Regulations for dealerships working with Spanish-speaking customers vary by state. But in general, dealers who advertise or negotiate in Spanish should have at the ready translated deal documents, financing guides and, in some cases, informational videos plus a well-trained staff to ensure that transactions in Spanish are as transparent as transactions in English, dealership advisers say.
On the federal level, dealerships are required to provide Spanish speakers the Spanish-language version of the Federal Trade Commission’s buyers’ guide, they say.
But Hudson Cook law firm in Hanover, Md., a specialist in dealership law, recommends that dealerships also provide a Spanish translation of “Understanding Vehicle Financing” -- a joint guide from the American Financial Services Association Education Foundation, National Automobile Dealers Association and FTC -- with every Spanish-language deal. The law firm also suggests including the Spanish version of the guide as a part of the training program for employees hired in Hispanic markets.
If translating all financing and add-on product forms isn’t possible, the law firm recommends preparing a closing video in Spanish.
“The closing video could have a Spanish-speaking ‘talking head,’ who would walk the customer through the delivery process, explaining the various forms the customer must sign, and describing the various products that are optional for purchase,” attorney Emily Marlow Beck wrote in the 2006 edition of Hudson Cook’s “F&I Legal Desk Book.”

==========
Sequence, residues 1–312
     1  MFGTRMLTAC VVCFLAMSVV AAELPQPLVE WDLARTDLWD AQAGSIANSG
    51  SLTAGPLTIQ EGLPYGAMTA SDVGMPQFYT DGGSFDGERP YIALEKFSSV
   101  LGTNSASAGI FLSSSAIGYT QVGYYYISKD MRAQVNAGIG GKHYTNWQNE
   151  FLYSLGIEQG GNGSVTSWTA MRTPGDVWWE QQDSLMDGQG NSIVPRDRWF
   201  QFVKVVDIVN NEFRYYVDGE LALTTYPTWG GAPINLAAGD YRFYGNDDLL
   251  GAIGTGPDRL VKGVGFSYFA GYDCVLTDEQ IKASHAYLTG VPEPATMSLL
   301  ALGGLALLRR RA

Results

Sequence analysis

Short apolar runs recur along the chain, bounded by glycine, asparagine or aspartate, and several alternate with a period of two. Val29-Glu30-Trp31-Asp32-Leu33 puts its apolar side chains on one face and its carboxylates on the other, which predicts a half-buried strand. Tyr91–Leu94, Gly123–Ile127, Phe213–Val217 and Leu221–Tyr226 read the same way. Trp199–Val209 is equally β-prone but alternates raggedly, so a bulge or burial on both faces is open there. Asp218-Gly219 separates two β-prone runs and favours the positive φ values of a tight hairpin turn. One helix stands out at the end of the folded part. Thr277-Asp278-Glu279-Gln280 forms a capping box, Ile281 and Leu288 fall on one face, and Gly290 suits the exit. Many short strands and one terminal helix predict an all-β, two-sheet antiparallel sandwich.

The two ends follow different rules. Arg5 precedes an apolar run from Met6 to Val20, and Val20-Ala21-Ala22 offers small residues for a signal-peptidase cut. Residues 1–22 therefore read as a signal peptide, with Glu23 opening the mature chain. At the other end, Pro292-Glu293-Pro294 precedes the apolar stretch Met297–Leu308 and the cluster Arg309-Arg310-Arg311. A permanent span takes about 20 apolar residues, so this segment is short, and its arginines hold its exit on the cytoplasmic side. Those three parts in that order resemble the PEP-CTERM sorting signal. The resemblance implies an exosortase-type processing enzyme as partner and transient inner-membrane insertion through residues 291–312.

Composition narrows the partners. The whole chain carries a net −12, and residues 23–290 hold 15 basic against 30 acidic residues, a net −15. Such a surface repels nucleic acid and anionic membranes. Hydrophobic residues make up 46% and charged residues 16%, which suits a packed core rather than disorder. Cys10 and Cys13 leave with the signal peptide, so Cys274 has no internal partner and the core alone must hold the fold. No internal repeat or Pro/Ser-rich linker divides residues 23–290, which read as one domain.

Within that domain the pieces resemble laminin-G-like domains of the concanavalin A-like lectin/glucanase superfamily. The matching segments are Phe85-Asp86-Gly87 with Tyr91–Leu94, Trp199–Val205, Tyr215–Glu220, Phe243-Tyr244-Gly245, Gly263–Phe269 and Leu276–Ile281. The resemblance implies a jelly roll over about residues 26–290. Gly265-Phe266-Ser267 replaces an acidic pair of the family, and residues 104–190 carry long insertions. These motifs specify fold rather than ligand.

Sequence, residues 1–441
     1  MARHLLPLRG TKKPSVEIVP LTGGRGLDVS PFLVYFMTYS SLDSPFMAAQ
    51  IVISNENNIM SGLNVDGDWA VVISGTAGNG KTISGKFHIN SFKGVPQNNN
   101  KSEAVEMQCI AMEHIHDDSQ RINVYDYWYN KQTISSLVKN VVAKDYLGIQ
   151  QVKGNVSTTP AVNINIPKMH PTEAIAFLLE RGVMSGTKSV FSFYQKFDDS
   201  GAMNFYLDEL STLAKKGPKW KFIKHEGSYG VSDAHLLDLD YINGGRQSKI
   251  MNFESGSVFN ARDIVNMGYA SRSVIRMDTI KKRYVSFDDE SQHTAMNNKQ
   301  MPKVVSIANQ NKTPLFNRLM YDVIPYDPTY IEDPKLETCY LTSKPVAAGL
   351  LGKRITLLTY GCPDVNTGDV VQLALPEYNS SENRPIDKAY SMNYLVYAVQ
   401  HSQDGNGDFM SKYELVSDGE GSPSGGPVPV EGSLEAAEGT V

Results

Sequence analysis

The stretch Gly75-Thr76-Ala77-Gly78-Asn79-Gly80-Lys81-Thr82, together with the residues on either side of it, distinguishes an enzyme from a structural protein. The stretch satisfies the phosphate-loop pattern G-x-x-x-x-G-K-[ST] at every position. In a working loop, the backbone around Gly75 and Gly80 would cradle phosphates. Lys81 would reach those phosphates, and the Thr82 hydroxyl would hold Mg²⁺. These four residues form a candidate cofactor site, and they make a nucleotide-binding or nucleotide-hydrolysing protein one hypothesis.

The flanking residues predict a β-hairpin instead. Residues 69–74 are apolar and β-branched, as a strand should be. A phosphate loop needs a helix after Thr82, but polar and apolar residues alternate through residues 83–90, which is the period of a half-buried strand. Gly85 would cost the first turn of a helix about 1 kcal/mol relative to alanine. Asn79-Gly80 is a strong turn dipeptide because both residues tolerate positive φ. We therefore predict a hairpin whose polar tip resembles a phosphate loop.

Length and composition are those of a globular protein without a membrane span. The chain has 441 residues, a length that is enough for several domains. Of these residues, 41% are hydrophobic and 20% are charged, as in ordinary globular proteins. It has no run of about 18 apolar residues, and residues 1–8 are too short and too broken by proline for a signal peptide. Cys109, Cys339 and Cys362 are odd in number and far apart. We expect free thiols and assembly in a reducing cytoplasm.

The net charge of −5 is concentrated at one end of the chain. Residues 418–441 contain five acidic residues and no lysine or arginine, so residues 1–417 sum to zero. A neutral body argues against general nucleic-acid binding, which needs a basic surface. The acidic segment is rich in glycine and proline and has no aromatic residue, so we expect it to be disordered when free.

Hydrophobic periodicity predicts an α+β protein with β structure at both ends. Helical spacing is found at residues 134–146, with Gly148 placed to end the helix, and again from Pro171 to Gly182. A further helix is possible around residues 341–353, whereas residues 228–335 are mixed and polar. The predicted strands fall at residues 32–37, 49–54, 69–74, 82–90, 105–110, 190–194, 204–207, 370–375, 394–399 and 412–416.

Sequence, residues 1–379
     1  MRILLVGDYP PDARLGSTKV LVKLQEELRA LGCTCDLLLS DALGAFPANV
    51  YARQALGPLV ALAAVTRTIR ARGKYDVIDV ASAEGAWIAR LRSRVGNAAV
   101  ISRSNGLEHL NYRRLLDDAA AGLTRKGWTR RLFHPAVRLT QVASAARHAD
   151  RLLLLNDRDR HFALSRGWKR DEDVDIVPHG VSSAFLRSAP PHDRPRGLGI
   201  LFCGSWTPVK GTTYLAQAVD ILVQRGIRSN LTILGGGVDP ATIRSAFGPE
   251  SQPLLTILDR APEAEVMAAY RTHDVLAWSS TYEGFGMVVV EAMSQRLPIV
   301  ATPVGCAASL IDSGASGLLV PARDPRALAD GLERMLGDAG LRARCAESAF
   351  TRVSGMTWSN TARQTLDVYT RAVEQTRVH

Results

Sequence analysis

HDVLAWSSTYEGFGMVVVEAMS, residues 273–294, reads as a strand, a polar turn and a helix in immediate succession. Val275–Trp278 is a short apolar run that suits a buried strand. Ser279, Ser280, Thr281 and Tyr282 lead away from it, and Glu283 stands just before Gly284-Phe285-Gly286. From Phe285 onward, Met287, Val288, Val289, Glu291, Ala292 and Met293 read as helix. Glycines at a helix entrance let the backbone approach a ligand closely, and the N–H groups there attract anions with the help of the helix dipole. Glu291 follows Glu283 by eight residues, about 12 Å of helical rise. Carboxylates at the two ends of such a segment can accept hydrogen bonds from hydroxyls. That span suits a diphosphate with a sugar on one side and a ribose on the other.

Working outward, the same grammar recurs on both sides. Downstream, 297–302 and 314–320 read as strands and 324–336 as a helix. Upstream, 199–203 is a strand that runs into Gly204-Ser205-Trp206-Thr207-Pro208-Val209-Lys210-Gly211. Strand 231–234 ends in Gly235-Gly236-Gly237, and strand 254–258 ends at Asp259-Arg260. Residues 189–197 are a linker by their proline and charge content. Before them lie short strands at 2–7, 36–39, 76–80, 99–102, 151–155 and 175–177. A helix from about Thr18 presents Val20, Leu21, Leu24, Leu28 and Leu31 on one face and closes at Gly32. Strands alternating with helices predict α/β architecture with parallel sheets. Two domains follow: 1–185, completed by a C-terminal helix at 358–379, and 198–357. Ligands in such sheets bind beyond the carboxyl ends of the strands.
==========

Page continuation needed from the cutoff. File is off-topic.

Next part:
“Because the script for this video would be vetted by the dealer and his lawyer before it’s translated into Spanish, the dealer can regain some control over the representations that are being made to Spanish-speaking customers,” added Beck, who has since left the law firm and is now president of Marlow Automotive Group, which has three dealerships in Virginia, near Washington, D.C.
Along with fluency, training
Dealerships that conduct vehicle transactions in Spanish need to take added steps, the advisers say.
If an F&I manager or other dealership employee discusses the transaction in Spanish, a contract in Spanish should be provided “so it’s clear that nothing was promised verbally,” says Jonathan Wilke, partner at accounting and advisory firm DHG Dealerships. “It’s hard to have a legal contract when you can’t communicate it.”
Wilke adds that dealerships that advertise in Spanish should have Spanish-speaking employees.
But training has to go along with that, cautions attorney Tom Hudson of Hudson Cook. Along with being fluent in Spanish, he says, “you want the person doing the translation to have auto finance training” to be sure that he or she can discuss all aspects of the F&I process.
Lost in translation?
Hudson recommends putting multilingual employees through the Association of Finance & Insurance Professionals training course and taking some measure “to confirm that the person’s translation skills are good enough.”
Longtime F&I trainer Tony Dupaquier also is concerned about the adequacy of employees’ translation skills, especially at dealerships with hybrid sales and F&I processes.
“Some stores pick up market share because they have multilingual employees,” says Dupaquier, director of The Academy, the national auto retail training center of F&I provider Service Group. Still, he recommends that dealerships ask customers bring their own translators. That way, Dupaquier says, stores won’t be liable if their in-house translator provides misinformation.